Common Name: Pirate bug
Scientific Name: Orius sp.
Description: Adults are tiny (1/8 inch) black bugs with white markings at the base of the front wings (hemelytra), resulting in a band-like appearance across the body when wings are at rest. Wingless immature stages (nymphs) are orange. Anthocorids are occasionally mistaken for chinch bugs, particularly in the early nymphal stages.
Life Cycle: Adults overwinter in protected habitats such as in leaf litter. Female Orius sp. insert eggs into plant tissue. Nymphs develop through several stages (instars) before becoming winged adults.
Habitat, Food Source(s), Damage: Nymphs and adults prey upon a wide variety of arthropods including aphids, chinch bugs, springtails, plant bugs, thrips, eggs and small larvae of corn earworms, whiteflies, spider mites. Sucking mouthparts are inserted into prey and body fluids are removed. When corn earworm eggs are plentiful, Orius sp. eat about one egg per day. They are important natural enemies of pests of many agronomic and horticultural crops including corn, cotton, sorghum, soybeans. They may also feed on tender plants. Anthocorids can be found on many kinds of plants, particularly agricultural crops, where they can be abundant. Some Orius species are sold commercially for augmentive biological control releases.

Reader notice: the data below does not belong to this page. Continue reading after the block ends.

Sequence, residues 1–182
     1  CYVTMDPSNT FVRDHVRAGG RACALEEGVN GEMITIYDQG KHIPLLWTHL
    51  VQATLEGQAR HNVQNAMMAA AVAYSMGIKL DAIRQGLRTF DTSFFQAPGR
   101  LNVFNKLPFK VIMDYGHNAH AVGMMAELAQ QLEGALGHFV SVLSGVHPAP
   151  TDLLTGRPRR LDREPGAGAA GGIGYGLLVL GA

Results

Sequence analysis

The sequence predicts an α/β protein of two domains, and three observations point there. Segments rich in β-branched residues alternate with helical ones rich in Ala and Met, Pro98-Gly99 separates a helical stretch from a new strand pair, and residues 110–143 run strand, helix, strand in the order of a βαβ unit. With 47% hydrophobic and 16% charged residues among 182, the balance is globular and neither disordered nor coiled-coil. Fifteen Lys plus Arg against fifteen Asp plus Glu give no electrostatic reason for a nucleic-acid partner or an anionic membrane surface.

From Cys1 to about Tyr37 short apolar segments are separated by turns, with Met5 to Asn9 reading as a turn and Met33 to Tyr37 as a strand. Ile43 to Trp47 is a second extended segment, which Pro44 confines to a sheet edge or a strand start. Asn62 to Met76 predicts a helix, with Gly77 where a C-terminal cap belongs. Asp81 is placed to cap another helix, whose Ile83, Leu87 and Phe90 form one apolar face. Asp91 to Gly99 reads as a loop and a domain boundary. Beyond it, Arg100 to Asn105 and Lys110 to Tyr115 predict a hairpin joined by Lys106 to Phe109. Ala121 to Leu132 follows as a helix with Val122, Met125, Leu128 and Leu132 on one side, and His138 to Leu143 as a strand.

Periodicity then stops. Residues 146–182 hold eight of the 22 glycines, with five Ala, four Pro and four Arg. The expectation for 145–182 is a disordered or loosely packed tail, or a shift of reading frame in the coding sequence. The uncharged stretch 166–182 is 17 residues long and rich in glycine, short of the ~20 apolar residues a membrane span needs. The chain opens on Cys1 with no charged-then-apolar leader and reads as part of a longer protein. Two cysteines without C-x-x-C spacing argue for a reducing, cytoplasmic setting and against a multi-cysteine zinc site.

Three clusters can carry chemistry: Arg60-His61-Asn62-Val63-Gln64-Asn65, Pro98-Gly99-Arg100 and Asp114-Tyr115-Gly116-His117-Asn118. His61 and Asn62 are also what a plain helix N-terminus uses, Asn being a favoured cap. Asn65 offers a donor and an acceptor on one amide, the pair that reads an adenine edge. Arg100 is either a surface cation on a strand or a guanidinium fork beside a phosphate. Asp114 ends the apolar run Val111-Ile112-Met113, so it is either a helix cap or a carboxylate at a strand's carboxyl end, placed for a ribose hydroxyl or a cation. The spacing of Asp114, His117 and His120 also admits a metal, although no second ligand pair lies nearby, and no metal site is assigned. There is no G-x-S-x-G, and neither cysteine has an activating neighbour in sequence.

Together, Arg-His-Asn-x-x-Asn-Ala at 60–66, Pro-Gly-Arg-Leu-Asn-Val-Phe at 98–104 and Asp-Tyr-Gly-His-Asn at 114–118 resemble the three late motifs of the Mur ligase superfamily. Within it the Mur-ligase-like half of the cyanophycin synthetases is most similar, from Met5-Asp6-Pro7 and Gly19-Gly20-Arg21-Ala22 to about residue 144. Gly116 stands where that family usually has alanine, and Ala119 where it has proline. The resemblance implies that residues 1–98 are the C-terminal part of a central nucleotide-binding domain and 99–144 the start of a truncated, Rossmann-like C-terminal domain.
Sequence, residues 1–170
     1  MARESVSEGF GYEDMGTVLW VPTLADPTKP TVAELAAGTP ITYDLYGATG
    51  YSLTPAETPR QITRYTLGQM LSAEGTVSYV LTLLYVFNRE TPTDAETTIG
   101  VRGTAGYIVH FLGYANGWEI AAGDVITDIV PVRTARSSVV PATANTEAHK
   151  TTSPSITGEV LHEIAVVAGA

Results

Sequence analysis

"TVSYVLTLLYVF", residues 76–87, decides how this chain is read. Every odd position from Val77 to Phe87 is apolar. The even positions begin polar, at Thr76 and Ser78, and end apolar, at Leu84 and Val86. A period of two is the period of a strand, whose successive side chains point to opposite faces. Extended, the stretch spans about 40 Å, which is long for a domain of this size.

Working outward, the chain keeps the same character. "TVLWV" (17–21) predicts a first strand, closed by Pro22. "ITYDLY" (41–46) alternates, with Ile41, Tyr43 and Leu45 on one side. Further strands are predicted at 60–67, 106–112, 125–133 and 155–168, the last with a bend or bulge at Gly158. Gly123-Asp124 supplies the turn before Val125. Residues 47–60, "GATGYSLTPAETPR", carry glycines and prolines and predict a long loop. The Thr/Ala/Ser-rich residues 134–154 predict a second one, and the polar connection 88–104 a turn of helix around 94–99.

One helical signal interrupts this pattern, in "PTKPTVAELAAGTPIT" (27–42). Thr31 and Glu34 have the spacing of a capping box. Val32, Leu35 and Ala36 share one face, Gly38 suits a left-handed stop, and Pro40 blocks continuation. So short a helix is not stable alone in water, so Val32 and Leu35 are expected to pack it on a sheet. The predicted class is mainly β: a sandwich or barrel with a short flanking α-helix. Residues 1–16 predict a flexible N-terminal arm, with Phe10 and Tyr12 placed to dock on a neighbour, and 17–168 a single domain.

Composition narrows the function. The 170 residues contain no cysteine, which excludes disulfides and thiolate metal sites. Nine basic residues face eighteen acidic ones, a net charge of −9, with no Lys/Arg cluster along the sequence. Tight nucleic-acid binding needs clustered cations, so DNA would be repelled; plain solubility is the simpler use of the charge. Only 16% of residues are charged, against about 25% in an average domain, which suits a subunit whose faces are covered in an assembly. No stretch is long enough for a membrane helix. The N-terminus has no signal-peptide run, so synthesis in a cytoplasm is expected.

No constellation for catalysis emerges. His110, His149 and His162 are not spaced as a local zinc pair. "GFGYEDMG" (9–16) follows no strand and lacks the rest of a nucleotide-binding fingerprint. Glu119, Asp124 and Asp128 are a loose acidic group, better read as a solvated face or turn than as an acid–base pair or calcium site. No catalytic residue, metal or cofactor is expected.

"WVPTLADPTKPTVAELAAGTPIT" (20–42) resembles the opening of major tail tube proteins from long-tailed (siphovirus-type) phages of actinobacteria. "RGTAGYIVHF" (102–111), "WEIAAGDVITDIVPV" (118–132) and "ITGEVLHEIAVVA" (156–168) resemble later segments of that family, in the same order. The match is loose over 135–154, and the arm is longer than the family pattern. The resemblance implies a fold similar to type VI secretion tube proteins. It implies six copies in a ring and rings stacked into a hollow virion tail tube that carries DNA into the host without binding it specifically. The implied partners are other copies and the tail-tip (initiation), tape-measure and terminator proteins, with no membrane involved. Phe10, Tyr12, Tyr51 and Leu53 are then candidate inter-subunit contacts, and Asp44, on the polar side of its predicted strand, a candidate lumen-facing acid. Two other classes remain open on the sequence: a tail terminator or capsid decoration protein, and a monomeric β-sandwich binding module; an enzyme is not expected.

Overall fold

Pest Status: Considered beneficial; nymphs and adults prey on a number of small arthropod life stages; capable of using their sucking mouthparts to bite humans. The insidious flower bug, O. insidiosus (Say), is often the more abundant species in east Texas.
For additional information, contact your local Texas A&M AgriLife Extension Service agent or search for other state Extension offices.
Literature: Bohmfalk et al. 1982; Henn and Weinzeri 1990; Kogan and Herzog 1980; Slater and Baranowski 1978; Swann and Papp 1972.